Also, we can see that Smith's view was directly tainted by his Christianity, saying not that the natives worship some strange god, or even a demon, but rather nothing less than the Devil (in the Christian sense of the word).  Smith notes that the natives worship more out of fear than love.  Like most modern Christians, Smith seems unaware of the God of the Old Testament, and even some of the content of the New Testament, where God commanded His followers to fear Him over twice as often as He told them to love Him.

As the account continues, we find the "human sacrifice" which provides the direct association with Devil-worship.  I've added the bold emphasis...
"In some part of the Country, they have yearly a sacrifice of children. Such a one was at Quiyoughcohanock, some 10 miles from James Town, and thus performed.

"Fifteen of the properest young boys, between 10 and 15 years of age, they painted white. Having brought them forth, the people spent the [morning] in dancing and singing about them with rattles.

"In the afternoon, they put those children to the root of a tree. By them, all the men stood in a guard, every one having a Bastinado (a stick or club)  in his hand, made of reeds bound together. [These men] made a lane between them all along, through which there were appointed 5 young men to fetch these children. So every one of the five went through the guard, to fetch a child, each after other by turns: the guard fearlessly beating them with their Bastinadoes, and they patiently enduring and receiving all; defending the children with their naked bodies from the unmerciful blows they pay them soundly, though the children escape. All this while,the women weep and cry out very passionately; providing mats, skins, moss, and dry wood, as things fitting their children's funerals.

"After the children were thus passed the guard, the guard tore down the tree, branches and boughs, with such violence, that they rent the body and made wreathes for their heads, or bedecked their hair with the leaves. What else was done with the children was not seen; but they were all cast on a heap in a valley, as dead: where they made a great feast for all the company.

"The Werowance (the chief) being demanded the meaning of this sacrifice, answered that the children were not all dead, but [only] that the Oke or Devil did suck the blood from their left breast [of those], who chanced to be his by lot, till they were dead. But the rest were kept in the wilderness by the young men till nine months were expired, during which time they must not converse with any: and of these, were made their Priests and Conjurers.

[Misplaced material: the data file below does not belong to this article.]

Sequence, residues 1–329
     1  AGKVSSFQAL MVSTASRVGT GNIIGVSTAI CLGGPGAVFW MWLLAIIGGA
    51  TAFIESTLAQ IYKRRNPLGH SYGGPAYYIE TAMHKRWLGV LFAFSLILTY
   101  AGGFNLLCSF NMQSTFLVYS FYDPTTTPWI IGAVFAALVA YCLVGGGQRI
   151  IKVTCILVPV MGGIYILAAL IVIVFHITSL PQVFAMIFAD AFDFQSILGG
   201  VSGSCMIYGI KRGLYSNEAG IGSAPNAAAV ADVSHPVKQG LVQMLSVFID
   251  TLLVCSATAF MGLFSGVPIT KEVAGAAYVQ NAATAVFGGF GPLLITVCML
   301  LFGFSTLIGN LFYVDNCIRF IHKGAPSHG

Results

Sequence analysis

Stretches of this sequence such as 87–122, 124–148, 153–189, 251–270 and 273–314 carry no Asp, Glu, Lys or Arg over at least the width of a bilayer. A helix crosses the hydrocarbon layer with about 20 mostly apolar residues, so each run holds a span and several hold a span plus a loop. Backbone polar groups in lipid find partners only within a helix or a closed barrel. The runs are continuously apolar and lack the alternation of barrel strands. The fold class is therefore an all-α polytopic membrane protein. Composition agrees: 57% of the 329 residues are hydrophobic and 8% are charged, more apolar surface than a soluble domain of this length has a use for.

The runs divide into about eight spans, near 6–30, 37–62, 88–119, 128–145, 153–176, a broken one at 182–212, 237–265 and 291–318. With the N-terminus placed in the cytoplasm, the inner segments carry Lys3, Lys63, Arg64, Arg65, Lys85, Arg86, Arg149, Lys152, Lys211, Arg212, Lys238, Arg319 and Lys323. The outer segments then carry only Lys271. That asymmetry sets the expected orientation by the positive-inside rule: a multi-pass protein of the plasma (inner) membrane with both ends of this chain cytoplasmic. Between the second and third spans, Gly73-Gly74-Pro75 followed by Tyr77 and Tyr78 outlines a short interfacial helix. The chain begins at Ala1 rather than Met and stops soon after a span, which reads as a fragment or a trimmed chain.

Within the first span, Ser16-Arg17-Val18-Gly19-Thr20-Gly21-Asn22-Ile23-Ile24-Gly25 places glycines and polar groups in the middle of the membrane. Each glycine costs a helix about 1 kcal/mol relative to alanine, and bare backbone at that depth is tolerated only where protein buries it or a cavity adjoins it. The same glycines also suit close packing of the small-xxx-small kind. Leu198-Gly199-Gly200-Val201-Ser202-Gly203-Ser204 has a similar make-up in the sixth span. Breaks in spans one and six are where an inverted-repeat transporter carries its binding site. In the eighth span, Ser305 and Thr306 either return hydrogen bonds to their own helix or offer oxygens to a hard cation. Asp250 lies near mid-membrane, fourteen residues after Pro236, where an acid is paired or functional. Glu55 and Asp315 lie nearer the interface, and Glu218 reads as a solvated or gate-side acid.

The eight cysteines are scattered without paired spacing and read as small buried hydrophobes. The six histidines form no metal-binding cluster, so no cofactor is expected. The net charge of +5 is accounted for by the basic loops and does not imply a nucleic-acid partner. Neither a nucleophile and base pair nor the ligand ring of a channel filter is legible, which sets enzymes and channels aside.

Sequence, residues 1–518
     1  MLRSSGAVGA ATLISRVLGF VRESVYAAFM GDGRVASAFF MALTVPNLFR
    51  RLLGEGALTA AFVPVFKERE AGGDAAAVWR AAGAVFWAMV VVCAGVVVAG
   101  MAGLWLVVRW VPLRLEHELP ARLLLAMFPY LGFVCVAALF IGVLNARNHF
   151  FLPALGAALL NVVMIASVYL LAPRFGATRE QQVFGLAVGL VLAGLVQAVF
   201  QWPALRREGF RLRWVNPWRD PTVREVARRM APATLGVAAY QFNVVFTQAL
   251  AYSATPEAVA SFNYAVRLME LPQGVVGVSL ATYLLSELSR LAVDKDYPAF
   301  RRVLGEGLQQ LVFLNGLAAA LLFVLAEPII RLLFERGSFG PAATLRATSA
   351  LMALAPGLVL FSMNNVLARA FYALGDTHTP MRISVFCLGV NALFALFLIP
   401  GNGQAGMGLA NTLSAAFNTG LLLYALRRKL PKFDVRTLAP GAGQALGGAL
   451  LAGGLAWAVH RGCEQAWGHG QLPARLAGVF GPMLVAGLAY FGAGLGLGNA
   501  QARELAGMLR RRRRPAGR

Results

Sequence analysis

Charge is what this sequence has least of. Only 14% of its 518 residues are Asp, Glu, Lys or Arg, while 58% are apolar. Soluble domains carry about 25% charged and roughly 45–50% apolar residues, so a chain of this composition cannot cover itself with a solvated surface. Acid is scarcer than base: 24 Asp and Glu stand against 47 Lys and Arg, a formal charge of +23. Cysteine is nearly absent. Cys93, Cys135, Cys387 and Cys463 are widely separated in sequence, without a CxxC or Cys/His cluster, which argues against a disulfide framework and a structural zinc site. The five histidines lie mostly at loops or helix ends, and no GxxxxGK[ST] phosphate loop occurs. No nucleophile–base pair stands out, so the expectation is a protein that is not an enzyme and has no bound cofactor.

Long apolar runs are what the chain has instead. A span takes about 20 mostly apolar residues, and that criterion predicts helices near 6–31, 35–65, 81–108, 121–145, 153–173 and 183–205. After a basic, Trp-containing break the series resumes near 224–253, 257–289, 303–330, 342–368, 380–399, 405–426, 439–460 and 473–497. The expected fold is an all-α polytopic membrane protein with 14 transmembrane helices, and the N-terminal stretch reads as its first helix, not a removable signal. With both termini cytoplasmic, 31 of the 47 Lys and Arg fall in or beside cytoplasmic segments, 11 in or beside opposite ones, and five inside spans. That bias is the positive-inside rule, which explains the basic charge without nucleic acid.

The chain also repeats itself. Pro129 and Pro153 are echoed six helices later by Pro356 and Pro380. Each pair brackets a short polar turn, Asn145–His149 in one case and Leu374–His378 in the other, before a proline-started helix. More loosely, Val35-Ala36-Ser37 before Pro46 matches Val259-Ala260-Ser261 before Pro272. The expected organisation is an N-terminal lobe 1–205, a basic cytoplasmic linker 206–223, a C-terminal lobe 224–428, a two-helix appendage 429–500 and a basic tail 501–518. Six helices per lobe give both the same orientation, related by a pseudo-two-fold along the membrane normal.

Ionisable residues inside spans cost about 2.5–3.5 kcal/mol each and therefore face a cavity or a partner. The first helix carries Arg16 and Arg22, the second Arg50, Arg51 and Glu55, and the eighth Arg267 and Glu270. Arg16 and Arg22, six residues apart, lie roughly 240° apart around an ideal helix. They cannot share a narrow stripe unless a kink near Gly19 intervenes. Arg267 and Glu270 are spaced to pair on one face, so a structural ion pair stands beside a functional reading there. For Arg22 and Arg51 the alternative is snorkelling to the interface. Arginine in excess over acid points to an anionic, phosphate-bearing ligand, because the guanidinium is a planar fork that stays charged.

"This sacrifice they held to be so necessary, that if they should omit it, their Oke or Devil and all their other Quiyoughcosughes (which are their other Gods) would let them have no Deer, Turkeys, Corn, nor fish: and yet besides, he would make great slaughter amongst them.

"To divert them from this blind idolatry, many used their best endeavors, chiefly with the Werowances of Quiyoughcohanock; whose devotion, apprehension, and good disposition much exceeded any in those Countries: who though we could not as yet prevail with them to forsake [their] false Gods, yet this he did believe, that our God as much exceeded theirs, as our Guns did their Bows and Arrows; and many times did send to the President, at James Town, men with presents, entreating them to pray to his God for rain, for his Gods would not send him any.

"And in this lamentable ignorance do these poor souls sacrifice themselves to the Devil, not knowing their Creator." (Original ed., pp. 32, 33, 34.)
Now, I'm no anthropologist, but I play one on the internet.  What I see here in Smith's account looks to me more like a type of coming-of-age transformation ceremony than a human sacrifice.  Young boys (not yet men)...painted white (like bones)...young men protect the boys (building bonding and group cohesion, but also symbolizing a transitional agent from the underworld of death)...women weeping as though the boys have died (morning the loss of the child' childhood)...boys thrown on a heap (symbolizing death)...nine months later, the come back to the tribe (the symbolic deaths followed by symbolic rebirth via nine months).